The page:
RACINE — Police executed a search warrant early Wednesday in the 2000 block of Kearney Avenue; in the process, a dog was reportedly shot multiple times and killed.
Sara Harmon and her husband, Joseph, had just left for work Wednesday when police reportedly broke down their front door.
Racine Police, the Racine County Gang Unit and FBI reportedly executed a no-knock search warrant at the home at about 5 a.m.
Police told Harmon's son, Jordan, that they were there for an investigation into a shots-fired incident. Her son was taken in for questioning and later released without charges.
The Harmon's 2-year-old dog, Sugar, an English bulldog, was reportedly scared by the police breaking down the door and retreated to Sara's room. There Sugar was shot as many as five times. The dog was taken from the scene, but a bloody mess was left on Sara's bed and walls.
"I didn't go in the room," Sara said. "My mom came over to help clean up. They found a bullet fragment on the floor and the dog's collar on the curtain rod."
Sara said this was especially tough on her 5-year-old granddaughter, who was close to the dog.
"(Sugar) was my granddaughter's best friend," Sara said. "(Sugar) was a big baby. She loved everybody."
Jordan Harmon told his mother that the warrant was in regards to a shots-fired incident that occurred on Nov. 15.
"They had a no-knock warrant off of hearsay off someone on the streets is what they told him," Harmon said. "They found nothing. What gives them the right to tear my house apart and kill my dog?"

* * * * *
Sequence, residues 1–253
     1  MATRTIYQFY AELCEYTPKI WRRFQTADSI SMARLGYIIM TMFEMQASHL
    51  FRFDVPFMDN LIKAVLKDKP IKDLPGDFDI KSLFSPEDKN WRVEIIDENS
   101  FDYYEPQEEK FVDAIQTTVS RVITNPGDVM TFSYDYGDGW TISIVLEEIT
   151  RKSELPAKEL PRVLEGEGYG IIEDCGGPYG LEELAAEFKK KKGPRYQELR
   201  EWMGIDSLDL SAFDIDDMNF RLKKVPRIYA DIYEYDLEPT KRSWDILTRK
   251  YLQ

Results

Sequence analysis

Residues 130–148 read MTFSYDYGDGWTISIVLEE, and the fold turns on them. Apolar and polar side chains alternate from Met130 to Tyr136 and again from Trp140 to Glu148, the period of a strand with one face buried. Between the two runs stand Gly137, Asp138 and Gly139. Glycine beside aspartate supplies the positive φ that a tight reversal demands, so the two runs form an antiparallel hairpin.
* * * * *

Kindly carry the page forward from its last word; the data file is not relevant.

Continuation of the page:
Police reportedly told the family that it is protocol to kill the dog during the search warrant, and that was all of the information the family was reportedly given.
"It’s just very upsetting," Sara said. "My dog is dead for no reason."
Police withhold comment
Racine Police Chief Art Howell said Monday that he could not comment at the time because he had not been fully informed about the situation.
"Until I obtain additional information regarding the circumstances involved in the case, I will refrain from responding," Howell said in an email.
Howell added that the department, on average, executes more than 100 search warrants annually and most occur without incident.
"It is not uncommon for officers to encounter dogs during the execution of such warrants," Howell said. "The data on such incidents will show that the overwhelming majority of warrants are executed without incident."
A formal complaint has not been filed with the police, according to Howell. For an investigation to occur, a formal complaint must be submitted. Harmon said they had not filed such a complaint as of Monday.
"They had a no-knock warrant off of hearsay, off someone on the streets, is what they told him. They found nothing. What gives them the right to tear my house apart and kill my dog?"
— Sara Harmon